More than 6,500 family and friends helped celebrate the success of St. Louis Community College’s 2015 graduating class in commencement exercises conducted May 17 at Chaifetz Arena on the campus of Saint Louis University.
More than 2,378 associate degrees and 468 certificates were conferred. Ninety-one graduates had perfect 4.0 grade-point averages and 555 had GPAs of 3.5 or above.
The graduating class also included 18 students from Central America, Mexico and the Caribbean who earned certificates in quality technology and skilled trades industrial occupations technology through the Scholarships for Education and Economic Development (SEED) program. SEED is an international scholarship program that is designed to support economic and social development in Mexico, Central America and the Caribbean, through which more than 4,500 youth have been trained in the United States and are now working to affect change in their home communities.
“Tonight we are celebrating not only the success of our 2015 graduates, but also the success of more than 1.2 million students who have attended St. Louis Community College over the last 53 years,” said Interim Chancellor Dennis F. Michaelis during his remarks.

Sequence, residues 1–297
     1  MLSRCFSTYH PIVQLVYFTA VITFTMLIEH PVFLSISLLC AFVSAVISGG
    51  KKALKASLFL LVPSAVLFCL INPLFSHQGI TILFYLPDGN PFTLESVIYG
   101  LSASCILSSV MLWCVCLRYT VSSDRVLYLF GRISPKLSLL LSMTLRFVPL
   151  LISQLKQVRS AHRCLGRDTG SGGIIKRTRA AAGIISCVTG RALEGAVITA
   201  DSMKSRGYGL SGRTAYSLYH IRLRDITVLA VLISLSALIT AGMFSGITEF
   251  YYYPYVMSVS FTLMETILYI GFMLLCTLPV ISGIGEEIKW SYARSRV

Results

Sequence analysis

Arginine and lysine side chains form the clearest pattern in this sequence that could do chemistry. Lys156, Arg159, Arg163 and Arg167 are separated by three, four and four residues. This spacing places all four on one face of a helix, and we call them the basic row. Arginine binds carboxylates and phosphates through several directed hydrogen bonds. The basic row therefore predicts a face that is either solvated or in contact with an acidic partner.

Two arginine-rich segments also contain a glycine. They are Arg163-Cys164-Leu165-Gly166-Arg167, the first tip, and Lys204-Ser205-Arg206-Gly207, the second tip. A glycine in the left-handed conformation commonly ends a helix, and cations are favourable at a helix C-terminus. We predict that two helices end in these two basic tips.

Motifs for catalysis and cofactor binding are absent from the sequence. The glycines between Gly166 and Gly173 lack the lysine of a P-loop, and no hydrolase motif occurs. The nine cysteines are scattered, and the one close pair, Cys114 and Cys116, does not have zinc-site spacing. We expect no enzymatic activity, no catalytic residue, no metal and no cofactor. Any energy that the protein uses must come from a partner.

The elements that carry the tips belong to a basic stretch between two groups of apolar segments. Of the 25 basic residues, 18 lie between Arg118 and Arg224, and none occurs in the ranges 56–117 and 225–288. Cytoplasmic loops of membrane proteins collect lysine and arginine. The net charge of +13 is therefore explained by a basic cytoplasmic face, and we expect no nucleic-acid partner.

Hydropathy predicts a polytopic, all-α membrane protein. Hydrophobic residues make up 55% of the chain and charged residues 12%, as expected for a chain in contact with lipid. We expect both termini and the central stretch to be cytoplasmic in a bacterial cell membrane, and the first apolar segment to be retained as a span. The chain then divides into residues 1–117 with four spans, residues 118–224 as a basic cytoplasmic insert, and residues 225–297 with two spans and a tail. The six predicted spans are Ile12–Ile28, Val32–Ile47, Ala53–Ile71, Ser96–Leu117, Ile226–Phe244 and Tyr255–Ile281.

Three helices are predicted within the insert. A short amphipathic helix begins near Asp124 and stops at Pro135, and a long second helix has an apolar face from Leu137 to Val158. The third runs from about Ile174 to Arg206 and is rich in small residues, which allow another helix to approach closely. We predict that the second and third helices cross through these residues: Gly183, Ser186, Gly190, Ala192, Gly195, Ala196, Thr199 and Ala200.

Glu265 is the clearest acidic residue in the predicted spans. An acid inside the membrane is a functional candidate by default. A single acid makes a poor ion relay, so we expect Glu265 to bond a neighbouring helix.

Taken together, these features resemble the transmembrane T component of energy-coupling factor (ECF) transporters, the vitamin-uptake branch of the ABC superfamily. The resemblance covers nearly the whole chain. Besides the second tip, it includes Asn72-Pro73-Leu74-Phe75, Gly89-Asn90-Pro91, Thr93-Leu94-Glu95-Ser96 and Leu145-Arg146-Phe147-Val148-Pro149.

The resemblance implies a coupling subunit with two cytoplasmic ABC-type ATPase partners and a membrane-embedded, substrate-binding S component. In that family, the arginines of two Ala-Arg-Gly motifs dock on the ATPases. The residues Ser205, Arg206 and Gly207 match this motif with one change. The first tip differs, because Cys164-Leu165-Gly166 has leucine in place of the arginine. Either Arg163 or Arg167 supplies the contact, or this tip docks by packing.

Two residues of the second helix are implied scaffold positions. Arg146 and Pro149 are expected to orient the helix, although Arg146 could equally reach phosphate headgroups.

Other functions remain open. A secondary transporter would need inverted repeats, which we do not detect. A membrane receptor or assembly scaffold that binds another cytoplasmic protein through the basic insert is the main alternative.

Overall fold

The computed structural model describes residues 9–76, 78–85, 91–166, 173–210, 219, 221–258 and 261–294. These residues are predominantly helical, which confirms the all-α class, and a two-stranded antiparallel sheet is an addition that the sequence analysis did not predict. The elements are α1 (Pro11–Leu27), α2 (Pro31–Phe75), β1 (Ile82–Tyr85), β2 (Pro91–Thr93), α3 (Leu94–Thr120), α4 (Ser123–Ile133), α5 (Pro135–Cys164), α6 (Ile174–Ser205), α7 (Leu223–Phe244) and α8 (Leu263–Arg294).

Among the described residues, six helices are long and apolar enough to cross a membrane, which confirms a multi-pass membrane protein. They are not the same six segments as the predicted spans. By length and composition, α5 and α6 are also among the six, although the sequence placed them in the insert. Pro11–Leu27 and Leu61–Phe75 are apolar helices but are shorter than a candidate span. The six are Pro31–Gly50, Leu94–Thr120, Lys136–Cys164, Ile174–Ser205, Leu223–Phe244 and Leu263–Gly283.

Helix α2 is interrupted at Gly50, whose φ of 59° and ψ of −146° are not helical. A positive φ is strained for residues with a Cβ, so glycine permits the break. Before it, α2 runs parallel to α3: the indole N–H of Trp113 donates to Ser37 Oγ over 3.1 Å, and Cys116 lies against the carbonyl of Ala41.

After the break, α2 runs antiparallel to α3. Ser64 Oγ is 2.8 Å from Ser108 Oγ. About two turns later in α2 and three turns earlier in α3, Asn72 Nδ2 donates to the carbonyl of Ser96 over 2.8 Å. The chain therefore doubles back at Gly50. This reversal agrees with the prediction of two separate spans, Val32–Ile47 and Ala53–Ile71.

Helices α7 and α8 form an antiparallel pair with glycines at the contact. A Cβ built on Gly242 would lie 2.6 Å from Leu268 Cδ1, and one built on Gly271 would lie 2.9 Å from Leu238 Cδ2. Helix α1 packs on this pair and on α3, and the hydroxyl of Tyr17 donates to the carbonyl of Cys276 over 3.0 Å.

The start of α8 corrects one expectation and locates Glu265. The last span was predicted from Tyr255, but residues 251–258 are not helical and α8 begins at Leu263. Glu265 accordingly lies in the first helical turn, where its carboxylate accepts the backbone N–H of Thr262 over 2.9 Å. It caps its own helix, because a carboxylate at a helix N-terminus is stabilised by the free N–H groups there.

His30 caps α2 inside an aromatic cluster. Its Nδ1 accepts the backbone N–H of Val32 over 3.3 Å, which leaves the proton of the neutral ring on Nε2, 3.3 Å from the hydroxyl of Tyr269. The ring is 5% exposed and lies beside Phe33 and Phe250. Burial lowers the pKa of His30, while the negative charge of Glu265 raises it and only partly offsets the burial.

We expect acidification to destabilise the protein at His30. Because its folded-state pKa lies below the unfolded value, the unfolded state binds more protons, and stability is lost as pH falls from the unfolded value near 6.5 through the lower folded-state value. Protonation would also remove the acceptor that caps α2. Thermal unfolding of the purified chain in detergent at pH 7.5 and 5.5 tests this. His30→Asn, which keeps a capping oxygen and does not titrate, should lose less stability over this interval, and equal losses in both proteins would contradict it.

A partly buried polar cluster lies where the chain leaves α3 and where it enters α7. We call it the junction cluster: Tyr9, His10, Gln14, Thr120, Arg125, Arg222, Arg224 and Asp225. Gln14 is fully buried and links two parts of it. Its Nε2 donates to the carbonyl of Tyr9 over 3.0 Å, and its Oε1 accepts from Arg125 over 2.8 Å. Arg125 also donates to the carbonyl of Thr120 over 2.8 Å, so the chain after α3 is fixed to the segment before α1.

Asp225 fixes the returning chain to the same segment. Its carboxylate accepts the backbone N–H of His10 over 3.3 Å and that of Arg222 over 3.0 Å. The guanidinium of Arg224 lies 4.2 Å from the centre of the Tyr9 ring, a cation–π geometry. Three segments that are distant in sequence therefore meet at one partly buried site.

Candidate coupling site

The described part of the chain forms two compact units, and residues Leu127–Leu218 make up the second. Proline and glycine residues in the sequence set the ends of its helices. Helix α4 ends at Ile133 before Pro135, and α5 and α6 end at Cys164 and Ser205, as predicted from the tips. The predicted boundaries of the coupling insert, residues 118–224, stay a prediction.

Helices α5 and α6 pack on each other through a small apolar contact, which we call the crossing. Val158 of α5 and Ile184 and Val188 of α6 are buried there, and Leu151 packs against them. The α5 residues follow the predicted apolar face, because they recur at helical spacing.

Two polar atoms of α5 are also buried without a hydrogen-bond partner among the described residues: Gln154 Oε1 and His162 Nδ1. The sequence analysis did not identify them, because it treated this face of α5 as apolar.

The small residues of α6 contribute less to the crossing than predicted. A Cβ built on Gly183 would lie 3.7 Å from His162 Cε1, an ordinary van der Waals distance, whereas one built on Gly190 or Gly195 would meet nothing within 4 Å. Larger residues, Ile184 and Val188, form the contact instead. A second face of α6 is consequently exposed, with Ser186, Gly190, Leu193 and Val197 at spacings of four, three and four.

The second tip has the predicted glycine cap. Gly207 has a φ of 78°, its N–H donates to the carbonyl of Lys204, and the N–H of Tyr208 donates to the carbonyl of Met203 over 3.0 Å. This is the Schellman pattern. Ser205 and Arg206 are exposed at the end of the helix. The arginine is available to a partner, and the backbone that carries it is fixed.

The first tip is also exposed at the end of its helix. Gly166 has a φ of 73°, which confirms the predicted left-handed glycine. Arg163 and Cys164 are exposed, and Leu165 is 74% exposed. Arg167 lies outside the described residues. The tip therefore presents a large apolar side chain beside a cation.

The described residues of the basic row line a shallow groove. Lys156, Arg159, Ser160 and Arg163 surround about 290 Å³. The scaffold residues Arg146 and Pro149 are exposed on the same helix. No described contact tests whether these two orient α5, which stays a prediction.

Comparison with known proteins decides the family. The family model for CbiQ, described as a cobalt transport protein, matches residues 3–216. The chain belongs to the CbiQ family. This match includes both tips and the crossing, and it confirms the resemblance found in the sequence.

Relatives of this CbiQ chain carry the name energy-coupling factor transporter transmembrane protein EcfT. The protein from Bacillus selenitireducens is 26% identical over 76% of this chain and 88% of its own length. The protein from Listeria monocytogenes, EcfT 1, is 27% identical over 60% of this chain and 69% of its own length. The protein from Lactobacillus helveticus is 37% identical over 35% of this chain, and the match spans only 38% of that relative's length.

The student speaker was Xavier Souter, who received his associate degree in applied science. Souter was home schooled from fourth grade through high school, and this shy student blossomed into a leader after enrolling at STLCC-Florissant Valley.
His long list of accomplishments includes serving as the president of the Student Government Association (SGA) for two terms as well as statewide president of the Missouri Community College Association (MCCA) Student Government. He served as the president of the Criminal Justice Club and coach for the Static Noise Team. In addition, Souter also mentored for the African-American Male Initiative and the Ferguson Youth Initiative. Under his leadership, the Florissant Valley SGA co-sponsored the Urban League Job Fair last fall and won the MCCA Make a Difference Award for that initiative.
Souter hopes to major in pre-law and attend law school in the future. His goal is to someday give back to his community by doing pro bono legal work with students who have financial hardships.
“Our pursuit of education should not be a means to an end. In other words, we should not limit our education to a job,” Souter said. “As I continue my studies, I realize that my goal for obtaining a degree comes with a responsibility to make a positive difference in my community and in the world, and I encourage each of you to be agents of change.”